Posted by: cherylyoung | March 7, 2012

Nancy Greene Provincial Park is known for its alpine and Nordic Skiing.


Nancy Greene Provincial Park is nestled in the Monashee

Mountains and is known for its alpine and Nordic skiing.

  The park and a nearby provincial recreation area are named

 after Canada’s world-famous Olympic skier Nancy Greene,

who originated from the Rossland-Trail area. 


 These parks encompass 8,100 hectares of mountain wilderness,

including the subalpine Nancy Greene Lake.


The park offers opportunities for a variety of recreational

 activities including canoeing and kayaking. 


 Anglers frequently have good luck catching rainbow trout in

Nancy Greene Lake.


 During summer and fall, hikers can take advantage of the more

 than 20km of low-elevation trails offering spectacular views

of the surrounding landscape and its wildlife.


  A small band of mountain goats ranges along the west side of

Old Glory Mountain until winter conditions drive them down

 into Sheep Creek.


 Other wildlife found here are pikas, Columbia and golden-

mantled ground squirrels, and other small rodents.

 Blue grouse, Clark’s nutcrackers, juncos, Steller’s jays, and

 red-tailed hawks are frequently observed. Many migratory

 songbirds are heard, if not seen, in the subalpine forests.


In winter Nancy Greene Provincial Park is a popular location

 with cross-country skiers who like to cut their own tracks.

 For those who would rather enjoy groomed runs, the Paulson

 Cross-Country Ski Trails, directly adjacent to Nancy Greene

 Provincial Park on Hwy 3, provide an extensive network of

 easy to advanced cross-country trails.


 There are warming shelters and trail maps at strategic locations

 on this trail system, which also makes for good mountain

 biking in summer.


In 1947, a progressive group of local skiers installed Western

Canada’s first chairlift at Red Mountain.

Of course, if you had powder skiing at your door the way the

 folks in Rossland do, you too would want the newest-fangled

 technology to get you to it as quickly as possible.


 So fabled are the snow conditions in this town tucked away

 in the southeast corner of the province that a century ago,

 Red Mountain hosted the first Canadian Ski Jumping and

 Ski Racing Championships.


 One of the local Scandinavian miners, Olaus Jeldness, not only

 organized the championships but won the event.


There must be something in the water here, for in more recent

 times Rossland has produced two of the best women skiers

 to ever represent Canada,


Nancy Greene and Kerrin Lee-Gartner, as well as several dozen

national alpine ski team members, among them Felix Belczyk

and Don Stevens.


 (Although the mountains around Rossland may not look

 formidable, the town itself is perched closer to the peaks.


 At an elevation of 3,385 feet (1023 m), it’s higher than most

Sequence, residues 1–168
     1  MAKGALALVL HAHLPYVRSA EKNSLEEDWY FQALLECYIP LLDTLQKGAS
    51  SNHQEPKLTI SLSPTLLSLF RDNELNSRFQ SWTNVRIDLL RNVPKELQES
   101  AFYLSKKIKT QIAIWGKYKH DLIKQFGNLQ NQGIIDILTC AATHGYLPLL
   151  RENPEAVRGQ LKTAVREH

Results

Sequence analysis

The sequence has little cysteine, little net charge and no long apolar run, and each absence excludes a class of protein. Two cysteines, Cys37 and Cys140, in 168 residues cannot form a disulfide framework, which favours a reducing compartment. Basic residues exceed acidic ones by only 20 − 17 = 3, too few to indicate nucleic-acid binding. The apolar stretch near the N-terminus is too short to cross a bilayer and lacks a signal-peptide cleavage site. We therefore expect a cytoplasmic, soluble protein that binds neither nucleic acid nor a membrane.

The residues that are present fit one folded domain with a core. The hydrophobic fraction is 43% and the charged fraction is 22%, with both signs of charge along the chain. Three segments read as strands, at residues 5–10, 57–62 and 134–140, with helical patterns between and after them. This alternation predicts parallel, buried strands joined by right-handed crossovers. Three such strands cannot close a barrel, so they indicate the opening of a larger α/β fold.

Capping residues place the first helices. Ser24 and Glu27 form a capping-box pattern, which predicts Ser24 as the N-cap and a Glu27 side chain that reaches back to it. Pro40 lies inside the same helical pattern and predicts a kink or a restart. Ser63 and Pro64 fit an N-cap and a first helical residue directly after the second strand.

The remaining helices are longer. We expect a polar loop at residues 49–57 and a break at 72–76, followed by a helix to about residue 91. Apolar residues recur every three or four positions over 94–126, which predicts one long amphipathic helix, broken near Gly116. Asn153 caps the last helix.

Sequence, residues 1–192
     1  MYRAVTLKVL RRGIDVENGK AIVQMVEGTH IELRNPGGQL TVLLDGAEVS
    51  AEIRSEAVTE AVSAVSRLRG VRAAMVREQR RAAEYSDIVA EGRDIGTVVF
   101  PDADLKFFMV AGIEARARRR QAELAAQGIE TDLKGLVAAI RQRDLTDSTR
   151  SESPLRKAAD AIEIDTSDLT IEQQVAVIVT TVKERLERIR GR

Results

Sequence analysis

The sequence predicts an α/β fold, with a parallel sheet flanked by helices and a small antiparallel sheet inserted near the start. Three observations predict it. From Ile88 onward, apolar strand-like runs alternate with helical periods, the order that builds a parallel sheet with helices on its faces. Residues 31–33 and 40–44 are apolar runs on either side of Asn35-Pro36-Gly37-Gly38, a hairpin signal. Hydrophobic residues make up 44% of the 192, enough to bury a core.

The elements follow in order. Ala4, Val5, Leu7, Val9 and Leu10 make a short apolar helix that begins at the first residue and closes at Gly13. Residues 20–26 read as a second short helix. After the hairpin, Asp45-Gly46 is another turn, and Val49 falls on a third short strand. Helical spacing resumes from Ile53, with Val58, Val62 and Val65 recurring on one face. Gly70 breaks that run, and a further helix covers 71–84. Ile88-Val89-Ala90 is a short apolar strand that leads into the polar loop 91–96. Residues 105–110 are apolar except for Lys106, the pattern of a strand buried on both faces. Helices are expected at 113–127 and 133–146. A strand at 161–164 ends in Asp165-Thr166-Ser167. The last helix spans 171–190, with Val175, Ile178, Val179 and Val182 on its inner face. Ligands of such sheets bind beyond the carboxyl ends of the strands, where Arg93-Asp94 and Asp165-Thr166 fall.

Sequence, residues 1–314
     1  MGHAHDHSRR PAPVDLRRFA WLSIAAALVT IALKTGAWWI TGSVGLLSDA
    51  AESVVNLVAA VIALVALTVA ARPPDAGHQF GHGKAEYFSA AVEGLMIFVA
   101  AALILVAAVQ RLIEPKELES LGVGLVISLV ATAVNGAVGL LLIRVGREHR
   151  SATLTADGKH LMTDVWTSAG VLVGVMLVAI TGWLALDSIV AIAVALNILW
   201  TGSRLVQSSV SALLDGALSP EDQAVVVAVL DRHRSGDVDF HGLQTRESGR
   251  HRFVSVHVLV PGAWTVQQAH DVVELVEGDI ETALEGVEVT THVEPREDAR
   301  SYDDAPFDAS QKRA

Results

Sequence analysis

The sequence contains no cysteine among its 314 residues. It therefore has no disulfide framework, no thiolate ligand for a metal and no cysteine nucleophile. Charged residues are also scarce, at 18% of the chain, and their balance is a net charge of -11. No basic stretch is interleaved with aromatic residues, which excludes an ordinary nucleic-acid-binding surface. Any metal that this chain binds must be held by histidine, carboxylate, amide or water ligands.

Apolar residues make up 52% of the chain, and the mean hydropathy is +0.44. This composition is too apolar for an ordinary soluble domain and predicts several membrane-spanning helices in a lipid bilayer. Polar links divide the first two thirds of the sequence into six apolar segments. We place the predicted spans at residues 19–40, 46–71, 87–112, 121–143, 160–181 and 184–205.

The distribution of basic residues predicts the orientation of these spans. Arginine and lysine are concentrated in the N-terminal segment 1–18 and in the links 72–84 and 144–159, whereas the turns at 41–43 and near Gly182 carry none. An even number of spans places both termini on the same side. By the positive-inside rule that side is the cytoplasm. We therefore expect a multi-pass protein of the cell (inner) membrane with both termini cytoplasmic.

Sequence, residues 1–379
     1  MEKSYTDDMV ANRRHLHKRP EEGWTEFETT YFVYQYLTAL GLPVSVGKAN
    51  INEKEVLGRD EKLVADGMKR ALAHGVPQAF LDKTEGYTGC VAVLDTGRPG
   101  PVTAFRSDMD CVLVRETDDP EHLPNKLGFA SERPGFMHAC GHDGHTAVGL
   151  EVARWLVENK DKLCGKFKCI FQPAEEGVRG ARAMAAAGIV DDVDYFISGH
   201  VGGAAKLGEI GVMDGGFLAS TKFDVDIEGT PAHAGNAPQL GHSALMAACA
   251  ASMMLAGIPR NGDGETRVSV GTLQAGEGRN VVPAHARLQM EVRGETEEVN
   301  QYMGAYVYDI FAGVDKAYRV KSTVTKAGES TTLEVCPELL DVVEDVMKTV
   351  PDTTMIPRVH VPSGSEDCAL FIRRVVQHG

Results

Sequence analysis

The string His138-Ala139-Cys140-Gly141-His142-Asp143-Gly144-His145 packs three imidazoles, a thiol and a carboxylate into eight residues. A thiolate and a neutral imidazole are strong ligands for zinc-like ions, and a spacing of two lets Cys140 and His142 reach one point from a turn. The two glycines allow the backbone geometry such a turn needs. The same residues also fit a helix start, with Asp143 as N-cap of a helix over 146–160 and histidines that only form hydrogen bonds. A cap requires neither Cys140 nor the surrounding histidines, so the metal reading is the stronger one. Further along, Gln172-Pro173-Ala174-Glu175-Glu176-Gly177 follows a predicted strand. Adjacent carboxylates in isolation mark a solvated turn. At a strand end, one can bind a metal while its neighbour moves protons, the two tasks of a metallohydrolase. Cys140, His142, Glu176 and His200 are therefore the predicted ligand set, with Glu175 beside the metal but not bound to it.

other towns in Canada.)


Red Mountain is honeycombed with mine shafts tunnelled in

 the 1890s; most of these mines were exhausted by the 1930s.

 In many ways time has stood still here when compared with

 the upstart activity on ski slopes in the Okanagan Valley and

 at Whistler, especially over the past two decades.


That suits the townsfolk here just fine.


 First-time visitors may feel slightly underwhelmed upon arrival

at the base of Red and Granite,  the round-shouldered

sister mountains that stand side by side and are serviced

by four chairlifts and a T-bar.


There’s always plenty of snow, but after driving through some

of the province’s more rugged ranges, such as the Coast

Mountains, the Monashee Mountains look diminutive

by comparison.


(In geological terms the Monashees are a half-million years older

 and more worn down by successive periods of glaciation.)


 Be of good cheer: there’s a vertical rise of 2,800 feet (853 m)

between the base and the top of the Granite Mountain, the fourth

 largest in British Columbia.


When you know that there’s more to a mountain than meets

the eye, it’s best to enlist the help of a local guide.


One of Red Mountain’s volunteer mountain hosts will gladly

 take you straight up the Silverlode triple chairlift, from which

you’ll sight fluffy untracked powder in the evergreens.


 The trees in the forested slopes surrounding the cleared runs

 are spaced just widely enough to provide room for quick turns.

 As gentle as the terrain appears from the bottom, there are

challenging chutes aplenty through which to plummet,

with lots of knee-high powder to slow your descent.

 Occasionally you’ll pass one of the many funky old skiers’ cabins

 tucked away in the woods.


Nancy Greene Provincial Park is a popular overnight stop with

10 vehicle/tent campsites, as well as 5 day-use/picnicking sites. 


It is a place to enjoy a cool night’s rest away from the heat  in the

 valley, and you can often catch your supper of rainbow trout.


 Basic facilities are provided – picnic tables, pit toilets, fire pits,

 firewood and water. 


 There is a boat launch available on the lake, but powerboats

are not permitted.


 The park is open from May to September.


Nancy Greene Provincial Park is located in the Kootenays region

of British Columbia, 26 km west of Castlegar, 44 km east of

 Christina Lake and 22 miles north of Rossland on Highway 3.








  1. Hi Cheryl…spent many a wonderful day skiing Red in my day…even though it was 30 years ago, the memories are cherished and the thoughts of the powder on the backside of Granite with the sun on our back, still gives me tingles !
    Love that town !

    • It’s amazing how quicly 30 years fly by, isn’t it?

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